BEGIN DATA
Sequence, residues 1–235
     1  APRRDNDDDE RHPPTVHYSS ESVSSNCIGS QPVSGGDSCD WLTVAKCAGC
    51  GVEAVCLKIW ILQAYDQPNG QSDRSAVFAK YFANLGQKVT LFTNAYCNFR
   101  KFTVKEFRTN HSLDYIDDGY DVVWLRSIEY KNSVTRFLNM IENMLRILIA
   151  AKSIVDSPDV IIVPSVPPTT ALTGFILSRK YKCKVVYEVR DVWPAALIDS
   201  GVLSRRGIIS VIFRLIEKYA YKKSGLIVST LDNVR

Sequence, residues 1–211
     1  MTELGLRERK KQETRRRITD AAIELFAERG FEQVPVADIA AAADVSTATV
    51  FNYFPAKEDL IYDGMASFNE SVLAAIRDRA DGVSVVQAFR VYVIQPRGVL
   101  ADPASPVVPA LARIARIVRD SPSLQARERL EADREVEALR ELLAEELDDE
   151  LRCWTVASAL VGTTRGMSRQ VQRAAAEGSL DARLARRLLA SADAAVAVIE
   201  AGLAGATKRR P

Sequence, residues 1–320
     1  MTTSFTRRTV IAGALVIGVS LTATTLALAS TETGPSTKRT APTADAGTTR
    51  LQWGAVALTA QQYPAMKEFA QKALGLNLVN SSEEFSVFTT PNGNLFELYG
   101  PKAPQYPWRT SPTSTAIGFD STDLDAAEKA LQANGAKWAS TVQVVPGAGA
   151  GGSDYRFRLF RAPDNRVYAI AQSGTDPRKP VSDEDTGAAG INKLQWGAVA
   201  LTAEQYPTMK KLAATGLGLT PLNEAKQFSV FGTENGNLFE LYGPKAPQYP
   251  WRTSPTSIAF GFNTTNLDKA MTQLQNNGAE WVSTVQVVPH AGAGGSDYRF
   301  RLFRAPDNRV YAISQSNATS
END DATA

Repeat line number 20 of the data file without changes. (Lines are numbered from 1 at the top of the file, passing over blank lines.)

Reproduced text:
   301  RLFRAPDNRV YAISQSNATS